Winter Greeting: 2017

  • Winter Greeting: 2017

    Winter has long been the season of reflection so, get cozy, pour yourself a cup of something and let’s chat.

    This year for the first time I started my decorating, shopping and gifting early. Ask my siblings; I am notoriously a last minute girl. Myers Briggs P through and through. But this year, I think I needed her more.  Her? She is Light, Hope and Mercy.  Mostly Mercy. “Her” is Grandma Anna, the grandmother of the universe as well as the grandmother of Jesus, and mother of his mother Mary in the Christian faith. She is the part of the universe that is infinite love and mercy. Mostly Mercy.

    To my mind, Christendom’s celebration of the birth of Jesus is also a celebration of the triumph of light, hope and mercy over all that stands against their expression.   (Mostly Mercy.) Did you know that around the world there is some sort of celebration of light at this time of the year? Whether it is the birth of Jesus, the light of the world, or the Jewish Hanukkah, or Kwanza or Denali…worldwide there are celebrations of light returning. Increasing hours of daylight means the promise of new beginnings, of redemption, and for me in particular, the triumph of mercy and empathy over fear and constriction.

    There are a number of seasonal firsts this year for the Wonders Dearings. In addition to getting an early start on the season we are taking a trip and hosting our first open house. After years of promising that one year we would not do Christmas gifts etc. but would instead take a trip, the Wonders Dearings finally did it. The 24th found us on the road to the Gage Hotel in Marathon Texas and exploring Big Bend National Park. The 27th we discovered the magic of Marfa, Texas, home to artists and spiritual seekers.   We renewed and re-discovered the magic of our connections, of our shared passions and learned to be a bit more elegant in navigating our divergent temperaments. It is no small thing to put three solo adults, all more leaders than followers together for a large amount of time and in close quarters.   We did that.  It brought us closer together as these kinds of conversations do.  We had and made time for them.  We are better for them.  Each of us.

    Another first: No true Christmas tree with all the ornaments our memories can conjure, but instead something I have long wanted; decorating with nature and light. An abundance of greens, flowers, candles. I have thoroughly enjoyed the change, maybe even more so because it was so long in coming.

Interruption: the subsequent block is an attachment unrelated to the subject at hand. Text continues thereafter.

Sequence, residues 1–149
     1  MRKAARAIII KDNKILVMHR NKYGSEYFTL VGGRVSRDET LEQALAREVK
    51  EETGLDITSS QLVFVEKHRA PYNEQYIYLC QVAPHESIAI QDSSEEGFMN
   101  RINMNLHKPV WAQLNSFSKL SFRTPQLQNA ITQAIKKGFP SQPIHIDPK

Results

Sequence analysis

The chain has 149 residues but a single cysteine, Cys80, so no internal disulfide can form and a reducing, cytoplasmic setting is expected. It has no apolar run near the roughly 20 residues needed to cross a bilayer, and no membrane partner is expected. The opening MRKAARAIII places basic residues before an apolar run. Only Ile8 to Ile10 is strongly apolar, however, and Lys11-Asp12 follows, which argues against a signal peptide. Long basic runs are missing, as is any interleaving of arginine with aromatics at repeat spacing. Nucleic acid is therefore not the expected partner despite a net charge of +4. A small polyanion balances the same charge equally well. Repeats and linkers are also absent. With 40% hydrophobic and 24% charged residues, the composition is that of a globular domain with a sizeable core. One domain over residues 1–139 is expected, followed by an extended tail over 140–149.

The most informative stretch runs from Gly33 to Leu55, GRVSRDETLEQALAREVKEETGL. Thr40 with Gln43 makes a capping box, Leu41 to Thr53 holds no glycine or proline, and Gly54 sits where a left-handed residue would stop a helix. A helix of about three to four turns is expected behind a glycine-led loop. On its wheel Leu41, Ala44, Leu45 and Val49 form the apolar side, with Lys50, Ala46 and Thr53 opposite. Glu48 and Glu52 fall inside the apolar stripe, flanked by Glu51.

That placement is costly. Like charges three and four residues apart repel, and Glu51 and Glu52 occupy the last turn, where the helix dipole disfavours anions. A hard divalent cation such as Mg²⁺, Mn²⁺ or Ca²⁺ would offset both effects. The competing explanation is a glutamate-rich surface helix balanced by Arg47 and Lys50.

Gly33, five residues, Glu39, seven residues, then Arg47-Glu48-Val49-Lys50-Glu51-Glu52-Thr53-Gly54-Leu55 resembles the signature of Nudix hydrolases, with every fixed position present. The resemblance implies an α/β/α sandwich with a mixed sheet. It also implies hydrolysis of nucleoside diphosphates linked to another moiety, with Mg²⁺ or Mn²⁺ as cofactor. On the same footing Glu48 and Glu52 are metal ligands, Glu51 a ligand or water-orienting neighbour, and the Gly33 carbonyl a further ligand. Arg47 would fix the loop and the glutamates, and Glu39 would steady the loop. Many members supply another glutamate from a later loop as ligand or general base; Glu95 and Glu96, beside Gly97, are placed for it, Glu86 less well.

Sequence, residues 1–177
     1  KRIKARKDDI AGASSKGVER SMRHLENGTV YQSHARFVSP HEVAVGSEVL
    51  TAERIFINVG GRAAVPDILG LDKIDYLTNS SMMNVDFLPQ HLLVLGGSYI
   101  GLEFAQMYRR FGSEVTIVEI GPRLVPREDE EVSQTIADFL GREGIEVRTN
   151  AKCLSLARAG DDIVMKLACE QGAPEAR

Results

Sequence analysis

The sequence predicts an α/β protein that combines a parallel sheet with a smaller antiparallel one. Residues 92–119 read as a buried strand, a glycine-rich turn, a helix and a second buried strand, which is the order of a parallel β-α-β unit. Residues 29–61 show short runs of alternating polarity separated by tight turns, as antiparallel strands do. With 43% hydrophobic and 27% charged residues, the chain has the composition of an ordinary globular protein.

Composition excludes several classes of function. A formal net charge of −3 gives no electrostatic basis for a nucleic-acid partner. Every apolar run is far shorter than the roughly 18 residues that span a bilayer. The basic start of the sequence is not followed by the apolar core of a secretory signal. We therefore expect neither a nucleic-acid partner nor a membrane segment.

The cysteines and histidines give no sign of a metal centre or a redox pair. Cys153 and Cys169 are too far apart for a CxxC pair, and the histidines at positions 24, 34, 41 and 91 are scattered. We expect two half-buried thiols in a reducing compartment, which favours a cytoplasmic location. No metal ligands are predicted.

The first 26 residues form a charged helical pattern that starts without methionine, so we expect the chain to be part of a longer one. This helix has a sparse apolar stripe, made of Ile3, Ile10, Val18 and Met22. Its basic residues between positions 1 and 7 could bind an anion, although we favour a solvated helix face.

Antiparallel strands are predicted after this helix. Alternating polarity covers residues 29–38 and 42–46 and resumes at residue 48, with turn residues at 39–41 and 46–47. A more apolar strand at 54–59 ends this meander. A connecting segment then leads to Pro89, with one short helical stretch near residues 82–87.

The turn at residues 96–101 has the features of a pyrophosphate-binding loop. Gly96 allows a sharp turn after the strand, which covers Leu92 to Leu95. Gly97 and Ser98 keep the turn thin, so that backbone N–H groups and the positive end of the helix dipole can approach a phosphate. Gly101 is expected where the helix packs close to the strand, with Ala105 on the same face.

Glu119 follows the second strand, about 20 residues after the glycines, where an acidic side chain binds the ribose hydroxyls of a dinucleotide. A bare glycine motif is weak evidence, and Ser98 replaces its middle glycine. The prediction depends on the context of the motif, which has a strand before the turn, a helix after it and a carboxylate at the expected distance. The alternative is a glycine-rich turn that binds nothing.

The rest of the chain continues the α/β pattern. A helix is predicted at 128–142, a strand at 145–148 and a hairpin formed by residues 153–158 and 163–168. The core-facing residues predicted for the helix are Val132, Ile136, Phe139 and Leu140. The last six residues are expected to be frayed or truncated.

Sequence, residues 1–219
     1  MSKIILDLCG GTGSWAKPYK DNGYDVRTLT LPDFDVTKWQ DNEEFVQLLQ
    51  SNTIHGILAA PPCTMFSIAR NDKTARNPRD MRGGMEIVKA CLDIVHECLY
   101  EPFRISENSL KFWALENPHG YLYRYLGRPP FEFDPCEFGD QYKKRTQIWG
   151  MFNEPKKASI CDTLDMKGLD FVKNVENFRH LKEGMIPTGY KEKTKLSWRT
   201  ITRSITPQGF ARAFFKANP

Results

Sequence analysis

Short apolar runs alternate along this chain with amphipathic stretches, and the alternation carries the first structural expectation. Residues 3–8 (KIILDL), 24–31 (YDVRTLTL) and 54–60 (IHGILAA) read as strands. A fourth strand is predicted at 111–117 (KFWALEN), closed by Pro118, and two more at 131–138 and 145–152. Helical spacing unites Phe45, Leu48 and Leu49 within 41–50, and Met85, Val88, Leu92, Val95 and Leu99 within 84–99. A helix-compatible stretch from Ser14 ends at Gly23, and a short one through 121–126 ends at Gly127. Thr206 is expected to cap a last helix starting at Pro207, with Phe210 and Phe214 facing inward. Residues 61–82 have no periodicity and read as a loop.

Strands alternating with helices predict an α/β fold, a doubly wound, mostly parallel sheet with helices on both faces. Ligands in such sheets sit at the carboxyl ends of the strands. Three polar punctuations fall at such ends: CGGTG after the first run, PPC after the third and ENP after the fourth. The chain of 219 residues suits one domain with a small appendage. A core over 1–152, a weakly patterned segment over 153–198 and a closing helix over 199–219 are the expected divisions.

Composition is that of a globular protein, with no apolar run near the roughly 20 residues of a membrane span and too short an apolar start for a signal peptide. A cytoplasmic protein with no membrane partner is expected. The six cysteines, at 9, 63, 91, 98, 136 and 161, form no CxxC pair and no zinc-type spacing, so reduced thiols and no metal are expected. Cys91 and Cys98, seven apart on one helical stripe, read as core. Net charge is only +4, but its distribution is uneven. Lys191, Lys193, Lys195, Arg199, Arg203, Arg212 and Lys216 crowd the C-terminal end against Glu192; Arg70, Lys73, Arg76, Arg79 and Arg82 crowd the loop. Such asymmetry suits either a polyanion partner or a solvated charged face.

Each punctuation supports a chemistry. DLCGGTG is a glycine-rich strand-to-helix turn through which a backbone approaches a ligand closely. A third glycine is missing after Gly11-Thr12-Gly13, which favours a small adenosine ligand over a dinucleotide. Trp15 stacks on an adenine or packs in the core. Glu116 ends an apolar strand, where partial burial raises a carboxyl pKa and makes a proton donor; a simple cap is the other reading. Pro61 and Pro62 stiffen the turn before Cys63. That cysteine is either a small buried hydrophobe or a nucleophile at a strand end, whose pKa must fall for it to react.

And … and … and yet, I feel this melancholy. Even in this long desired reinvention of how we do this season, (and my heart flutters at the thought of any kind of reinvention), yet this unshakable melancholy persists. Why?

    Even in our togetherness there were poignant moments of time passing too quickly or where-has-it-all gone. Even in the best of experiences, the extraordinary drive through Big Bend replete with hiking the Santa Elena Canyon, the vastness of the Chinati museum, and time unbounded a bit, it persists. This curious combination of deep thankfulness mixed with some unnamable loss. Like the vast beauty of the desert that also holds all manner of prickly cacti and fierce critters.

    Maybe this is aging and the nostalgia that comes with it? Maybe the desert sky renders this feeling larger? Or maybe it is realizing that more Solstice celebrations of the return of light are behind than ahead of me?  Or the dawning (and unbearable) awareness that I will not accompany my children (physically) through all the pivotal moments of their lives.

    I remember my sweet and humble academic father, who never saw his grandson graduate from MIT, now studying at Harvard Law School. Papa missed this all and how it would have thrilled him.  Zachary Robert Dearing, you can’t possibly know what this would have meant to your grandfather. He would not have even dreamed this as a possibility, it was outside of his rural and humble beginnings to hope or dream for these institutions. But please trust he would have been both humbled and proud by your remarkable achievements, especially in the face of your dyslexia. And my mother would have been beyond wowed at her granddaughter Katharine Lillie Dearing’s culinary talents and the culture shifting work she is creating in the world. Even though it might confront her political and worldviews, she adored her Katie and would have not been able to easily dismiss her series, Woman of a Certain Age, and it’s Tribeca acknowledgement. There are so many things my parents are missing. As we too miss sharing these moments with them.  A granddaughter married and their first great grandson. Another granddaughter is engaged and planning her wedding while making a new life for herself in fashion in New York.